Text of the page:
Where You Start: Stop Thinking

Stargate Atlantis - Tao of Rodney More Stargate Spirituality, this time courtesy of Stargate Atlantis…

WEIR: Rodney … I still believe there’s a chance you can ascend if you put your mind to it.

McKAY: We both know that that is a waste of time. Maybe you could do it, but …

WEIR: I don’t know if I could, but you are certainly selling yourself short by not even trying.

McKAY: To be honest, I don’t have the first clue where to start.

WEIR: Stop thinking.

McKAY: See, I don’t understand that.

Continue reading Where You Start: Stop Thinking

Review: Zoe’s Tale

Zoë's Tale by John ScalziZoë’s Tale by John Scalzi
Old Man’s War series #4
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My Rating3.5 out of 5 Stars 3.5 out of 5 stars 
First Published: Jan. 30, 2016
Read from: Feb. 18, 2016

Ok… to Good… to Really, Really Good!

When I started this I didn’t realize it was basically a retelling of the previous book in the The Old Man’s War series, “The Last Colony”, only from the perspective of Zoë, the teenage daughter of the protagonist of most of the books. So I started off disappointed with this book. I checked some other people’s reviews just to make sure I wasn’t losing my mind and that, yes, I had indeed read this story before. There I discovered that besides the different perspective on the previous story there were some new things, and that much of it was… well, patching some of the parts of “The Last Colony” that had issues. So I took my time reading this, as I was not really “in” to it. I expected my disappointment would continue, and I considered giving the book the boot early on.

I’m REALLY glad I stuck with it. Read the Full Review

2 Reviews: Slaughterhouse-Five and Peace in Amber

A classic sci-fi-“ish” novel and the post 9/11 short story it inspired.

Slaughterhouse-Five by Kurt VonnegutSlaughterhouse-Five by Kurt Vonnegut
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My Rating4 out of 5 stars 4 out of 5 stars 
First Published: 1969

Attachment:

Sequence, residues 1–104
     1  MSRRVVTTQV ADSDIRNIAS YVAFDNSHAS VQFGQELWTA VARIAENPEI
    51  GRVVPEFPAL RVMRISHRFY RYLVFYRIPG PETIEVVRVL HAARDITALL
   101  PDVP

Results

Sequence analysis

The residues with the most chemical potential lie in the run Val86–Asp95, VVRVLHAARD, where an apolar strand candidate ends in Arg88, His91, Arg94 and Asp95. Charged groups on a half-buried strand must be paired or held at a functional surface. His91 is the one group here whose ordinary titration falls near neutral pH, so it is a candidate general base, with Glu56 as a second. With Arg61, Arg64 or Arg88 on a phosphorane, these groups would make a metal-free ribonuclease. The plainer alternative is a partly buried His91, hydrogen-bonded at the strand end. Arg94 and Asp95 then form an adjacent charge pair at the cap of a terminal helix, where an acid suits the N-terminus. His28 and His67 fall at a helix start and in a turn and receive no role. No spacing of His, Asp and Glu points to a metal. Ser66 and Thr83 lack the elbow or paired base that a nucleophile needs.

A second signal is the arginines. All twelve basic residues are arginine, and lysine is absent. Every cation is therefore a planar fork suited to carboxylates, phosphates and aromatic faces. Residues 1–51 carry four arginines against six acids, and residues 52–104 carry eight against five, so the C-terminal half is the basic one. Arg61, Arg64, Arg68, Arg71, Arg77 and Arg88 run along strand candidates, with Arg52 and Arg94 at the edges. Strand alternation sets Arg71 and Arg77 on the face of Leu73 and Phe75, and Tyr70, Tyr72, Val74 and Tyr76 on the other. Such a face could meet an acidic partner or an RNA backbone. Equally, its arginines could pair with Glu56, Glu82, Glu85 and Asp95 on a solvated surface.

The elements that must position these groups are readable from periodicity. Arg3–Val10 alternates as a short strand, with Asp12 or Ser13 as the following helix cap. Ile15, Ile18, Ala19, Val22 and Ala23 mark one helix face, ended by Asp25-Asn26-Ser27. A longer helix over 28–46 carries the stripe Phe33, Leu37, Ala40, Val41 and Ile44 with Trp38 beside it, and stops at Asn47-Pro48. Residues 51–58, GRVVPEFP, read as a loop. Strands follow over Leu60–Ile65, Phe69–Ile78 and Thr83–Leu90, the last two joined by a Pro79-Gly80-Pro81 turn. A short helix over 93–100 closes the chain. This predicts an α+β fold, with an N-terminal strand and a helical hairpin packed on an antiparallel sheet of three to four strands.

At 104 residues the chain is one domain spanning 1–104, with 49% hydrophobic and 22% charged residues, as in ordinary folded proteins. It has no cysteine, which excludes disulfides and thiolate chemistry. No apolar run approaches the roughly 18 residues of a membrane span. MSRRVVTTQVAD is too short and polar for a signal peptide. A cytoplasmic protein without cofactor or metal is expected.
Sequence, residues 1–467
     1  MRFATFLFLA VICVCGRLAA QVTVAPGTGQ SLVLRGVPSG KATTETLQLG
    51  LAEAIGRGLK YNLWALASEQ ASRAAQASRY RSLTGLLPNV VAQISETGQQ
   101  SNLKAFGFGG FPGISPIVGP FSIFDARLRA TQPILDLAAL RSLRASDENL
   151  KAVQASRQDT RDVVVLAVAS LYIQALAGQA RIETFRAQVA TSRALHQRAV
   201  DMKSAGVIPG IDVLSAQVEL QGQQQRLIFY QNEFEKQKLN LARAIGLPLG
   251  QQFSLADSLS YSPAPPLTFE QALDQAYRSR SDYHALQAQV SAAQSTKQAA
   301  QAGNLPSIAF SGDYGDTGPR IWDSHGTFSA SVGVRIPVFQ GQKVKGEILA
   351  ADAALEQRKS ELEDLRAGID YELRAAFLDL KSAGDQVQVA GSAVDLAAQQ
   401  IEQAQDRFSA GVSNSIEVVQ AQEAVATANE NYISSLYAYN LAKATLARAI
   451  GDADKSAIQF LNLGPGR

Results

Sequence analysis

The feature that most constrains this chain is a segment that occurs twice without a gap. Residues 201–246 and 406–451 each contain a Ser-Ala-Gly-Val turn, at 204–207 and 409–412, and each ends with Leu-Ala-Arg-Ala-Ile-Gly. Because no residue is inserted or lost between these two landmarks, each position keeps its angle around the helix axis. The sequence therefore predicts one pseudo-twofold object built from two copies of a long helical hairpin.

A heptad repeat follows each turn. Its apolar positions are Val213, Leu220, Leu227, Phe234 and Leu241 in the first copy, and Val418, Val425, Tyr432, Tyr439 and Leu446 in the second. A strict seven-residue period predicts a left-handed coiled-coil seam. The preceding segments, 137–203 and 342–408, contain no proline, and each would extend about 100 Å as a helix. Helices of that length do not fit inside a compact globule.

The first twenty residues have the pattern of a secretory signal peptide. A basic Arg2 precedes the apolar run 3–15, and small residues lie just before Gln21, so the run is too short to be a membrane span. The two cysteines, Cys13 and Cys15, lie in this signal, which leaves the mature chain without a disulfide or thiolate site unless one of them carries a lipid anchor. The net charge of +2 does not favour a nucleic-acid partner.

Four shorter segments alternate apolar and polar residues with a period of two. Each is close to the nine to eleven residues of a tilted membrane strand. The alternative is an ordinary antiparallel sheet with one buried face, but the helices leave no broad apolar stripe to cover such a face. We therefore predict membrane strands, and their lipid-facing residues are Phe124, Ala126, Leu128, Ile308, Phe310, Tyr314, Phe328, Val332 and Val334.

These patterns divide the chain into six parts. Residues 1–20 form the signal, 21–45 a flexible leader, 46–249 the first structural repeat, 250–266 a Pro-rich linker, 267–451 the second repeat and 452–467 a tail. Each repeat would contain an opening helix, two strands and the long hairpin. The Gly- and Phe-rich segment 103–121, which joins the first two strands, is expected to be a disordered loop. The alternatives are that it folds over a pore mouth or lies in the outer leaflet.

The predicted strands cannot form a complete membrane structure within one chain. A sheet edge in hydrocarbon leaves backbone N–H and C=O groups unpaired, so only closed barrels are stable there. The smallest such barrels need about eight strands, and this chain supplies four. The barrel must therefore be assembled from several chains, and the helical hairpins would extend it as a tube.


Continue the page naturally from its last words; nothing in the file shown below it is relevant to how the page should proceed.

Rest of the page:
Read from: Jan. 24 to Jan. 28, 2016

I read Kurt Vonnegut‘s Slaughterhouse-Five at least once a long time ago. I remember that I liked it, but that it effected me in a negative way and left me of two minds on the experience: I liked the book but hated what it described and made me feel. It not so much described, as allowed you to experience and feel some thing that by nature we resist discussing, describing and by all means feeling if we can avoid it.

I reread the book this time around as there was a short story, Peace in Amber: The World of Kurt Vonnegut by Hugh Howey, that I wanted to read that was basically Howey’s tribute to, commentary on, and his literary attempt at describing and moving past some of the same issues exposed in Slaughterhouse-Five. Knowing this I wanted Vonnegut’s work to be fresh in my ever-more-forgetful mind. I’m glad I did, as the novel and short-story compliment each other. And I discovered in the middle of Howey’s story, he described his experience with reading Slaughterhouse-Five and in doing so described far better than I could what Vonnegut’s book did to me. Read the Reviews

Enlightenment Cannot Be Enforced

sg1-originIt’s a pop sci-fi action / adventure TV show, talking about a bunch of super-evolved alien ancestors, but it also seems to be saying so much more; a more I happen to agree strongly with… Those who are truly “enlightened” do not force, judge or condemn those who have yet to find it; know that it is a never-ending quest; and are aware that there are many different paths to find it.

“I can’t speak for everyone in my galaxy, but in my own humble opinion, I don’t believe that any individual or society can achieve enlightenment through fear-mongering and force and servitude no matter what power is presented as evidence… Don’t get me wrong, we should all be trying to better ourselves. If Ascension is the ultimate end we’re all trying to achieve, then so be it, but we should all be allowed to get there or not of our own free will. Kill me for saying that, but that is what I believe. Nothing you say or do will ever change my mind.” – Daniel Jackson, Stargate SG-1 S09E03 “Origin”